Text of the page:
Head of English
Well Done Students of St George's!
It was once again pleasing to receive positive feedback regarding students' behaviour from a member of the community:
"I just wanted to send you a quick email to let you know how impressed I was with the St George’s Anglican Grammar School students on the train yesterday morning. I travelled to a course in West Perth around 8:00am and I noticed three extremely well presented and mannered Year 7 Students. It was a delight to see that when seats became available, the students continued standing allowing older adults to take the seats.  
It was a privilege to see how well your students represent the school whilst in full uniform."

Well done to all St George’s students who represent our School so well in the community!
Year 12 ELACS and EALD Aboriginal Cultural Experience
On 9 August 2016, the Year 12 EALD and ELACS classes went on an excursion to the Hills Forest Centre in Mundaring for an aboriginal cultural experience. We were accompanied by Ms Ong and Mr Ramirez. At 8:45am, we boarded the bus and were on our way. 
Upon arrival, we were led into a room where we left our bags and waited for the guide. After a few minutes of waiting, our Aboriginal guide, Lenny, showed up with a few Aboriginal items in his hands. He taught us the native names and functions of each one of the items. The most memorable one for me was a coat made out of kangaroo hair as it is reversible, so it can be worn inside out depending on the season.
After the brief indoor introduction to those Aboriginal items, we were ready to go out into the forest to learn and understand more of the Aboriginal culture and lifestyle. For starters, we learnt how to make a cutting tool as well as starting a fire. Making the tool was really fun. It was a great experience to be able to make your own cutting tool from kangaroo poo, a stick and quartz. As for the fire, Lenny did say that, due to the wet weather, a fire would not start, but that did not stop George, Chen, Bill and some others from trying their best and working their hearts out!
Lenny taught us other things, such as how to throw a boomerang and about the foods that Aboriginal people eat in the forest. Some of us had the opportunity to try some of the foods, which were peculiar, like bush carrots and shoots that taste like nuts. It was more of an acquired taste, but I personally liked the shoots.
We have learnt many things about Aboriginal people through this experience. It has helped me to open my eyes to the amount of wisdom the Aboriginal people have gained through thousands of years of living in the forest. I have been given the chance to see for myself the way Aboriginal people live, and it has helped me to build a great deal of respect for their culture. Although we had only scratched the surface of Aboriginal culture, it was more than enough knowledge to take in for the day! 
Khan Zhen Bong
Year 12 ELACS student
Japanese Incursion
On Friday 29 July, St George’s was host to 16 Japanese exchange students. These junior high school students were selected and sponsored by the Hakuho Foundation to visit Australia for two weeks. They spent time in Bunbury staying with host families and then visited Perth for three nights.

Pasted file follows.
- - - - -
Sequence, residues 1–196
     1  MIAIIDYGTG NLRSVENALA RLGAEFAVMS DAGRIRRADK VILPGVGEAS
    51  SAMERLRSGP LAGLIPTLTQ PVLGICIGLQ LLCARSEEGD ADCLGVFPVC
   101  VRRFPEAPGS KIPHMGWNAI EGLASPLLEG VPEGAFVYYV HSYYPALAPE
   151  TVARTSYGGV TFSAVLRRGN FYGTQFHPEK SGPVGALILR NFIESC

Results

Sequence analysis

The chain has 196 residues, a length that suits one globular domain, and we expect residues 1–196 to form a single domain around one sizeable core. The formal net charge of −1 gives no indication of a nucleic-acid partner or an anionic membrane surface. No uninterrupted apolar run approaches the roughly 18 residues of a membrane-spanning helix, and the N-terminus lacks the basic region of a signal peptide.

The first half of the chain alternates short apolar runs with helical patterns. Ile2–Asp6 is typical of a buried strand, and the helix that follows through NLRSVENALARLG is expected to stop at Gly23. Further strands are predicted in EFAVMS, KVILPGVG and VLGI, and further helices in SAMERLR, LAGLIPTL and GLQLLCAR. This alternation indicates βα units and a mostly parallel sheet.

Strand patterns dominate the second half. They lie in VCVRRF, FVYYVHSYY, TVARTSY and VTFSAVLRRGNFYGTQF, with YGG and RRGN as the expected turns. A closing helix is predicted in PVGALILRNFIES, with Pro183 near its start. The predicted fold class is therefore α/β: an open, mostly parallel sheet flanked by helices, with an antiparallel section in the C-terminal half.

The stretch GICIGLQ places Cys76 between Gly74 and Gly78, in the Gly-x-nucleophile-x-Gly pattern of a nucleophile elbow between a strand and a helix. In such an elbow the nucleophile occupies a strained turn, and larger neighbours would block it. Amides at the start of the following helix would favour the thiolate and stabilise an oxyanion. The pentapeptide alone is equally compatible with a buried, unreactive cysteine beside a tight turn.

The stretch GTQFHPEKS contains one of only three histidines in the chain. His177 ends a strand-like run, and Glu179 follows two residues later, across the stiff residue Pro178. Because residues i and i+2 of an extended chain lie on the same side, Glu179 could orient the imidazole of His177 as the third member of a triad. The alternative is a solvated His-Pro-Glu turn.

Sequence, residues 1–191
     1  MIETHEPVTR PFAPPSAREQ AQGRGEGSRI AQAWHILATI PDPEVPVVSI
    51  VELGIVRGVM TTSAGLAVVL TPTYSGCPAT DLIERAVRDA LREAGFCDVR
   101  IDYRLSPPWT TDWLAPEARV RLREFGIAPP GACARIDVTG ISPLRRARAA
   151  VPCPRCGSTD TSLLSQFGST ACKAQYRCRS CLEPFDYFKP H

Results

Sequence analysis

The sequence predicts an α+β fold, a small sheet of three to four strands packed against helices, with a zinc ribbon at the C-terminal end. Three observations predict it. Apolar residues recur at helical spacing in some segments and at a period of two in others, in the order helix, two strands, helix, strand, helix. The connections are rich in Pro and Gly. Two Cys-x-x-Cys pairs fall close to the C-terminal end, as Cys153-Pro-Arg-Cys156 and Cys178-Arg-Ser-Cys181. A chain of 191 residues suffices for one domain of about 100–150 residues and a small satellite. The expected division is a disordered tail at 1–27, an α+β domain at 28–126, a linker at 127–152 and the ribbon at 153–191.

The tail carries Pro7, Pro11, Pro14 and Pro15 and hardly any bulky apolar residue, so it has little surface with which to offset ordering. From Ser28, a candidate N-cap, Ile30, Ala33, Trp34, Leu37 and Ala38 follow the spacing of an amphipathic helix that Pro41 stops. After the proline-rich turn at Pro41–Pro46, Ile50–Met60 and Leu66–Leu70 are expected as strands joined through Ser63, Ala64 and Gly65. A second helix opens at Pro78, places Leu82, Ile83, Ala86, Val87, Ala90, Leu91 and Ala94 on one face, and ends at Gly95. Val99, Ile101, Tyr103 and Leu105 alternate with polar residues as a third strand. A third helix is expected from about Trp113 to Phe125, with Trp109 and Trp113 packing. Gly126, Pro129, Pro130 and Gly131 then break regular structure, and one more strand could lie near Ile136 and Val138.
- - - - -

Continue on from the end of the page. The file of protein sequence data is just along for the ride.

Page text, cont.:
With 20 of our students as buddies and along with our assistant Makiko and myself, we went to King’s Park for the morning. Whilst walking along the Federation Walkway to get scenic shots of Perth, the students got to know one another and bonded over common interests such as Pokémon hunting. We then found a grassed area and taught the students the basics of kicking and hand-balling an Australian Rules football. Everyone had a great time, especially towards the end when we all had to try and retrieve the two footballs that were kicked into the branches of a tree!
Upon our return to school, students had recess together and then the Japanese students were given a special music lesson with Mr Newton. Music is taught from a young age at Japanese schools, but they usually have to learn classical music and songs on a recorder. For many of them, it was their first time playing a modern song using guitar, drums and keyboard.
The students were also treated to a special drama lesson with Mr Robertson. Drama is not a subject available to be studied at school in Japan. It is done either as a school club activity or at an external drama school. The students learnt how expression, posture and movement are used to impart meaning without words and then had to mime a performance and see if the audience could understand the story.
After enjoying lunch in the cafeteria with their buddies, the exchange students split into two groups and took the Year 10 Japanese class for some Japanese games and activities. There were chopstick races, origami, fukuwarai (similar to pin-the-tail) and other activities that had the students communicating with each other through different languages and lots of gesturing.
Thank you to the St George’s students who volunteered their time to look after the Japanese students. It is a precious opportunity to have students visit us and it is heart-warming to see how kind and welcoming our students are towards our guests.
Danielle de Witt
Japanese Teacher
Music News
In the Music Department
We are halfway through another busy term! Our VET Music class is currently working on band and solo performances. In Year 10, our students are working on 4-Chord Mash-Ups (Axis of Awesome style). Years 7-9 are working on band performances.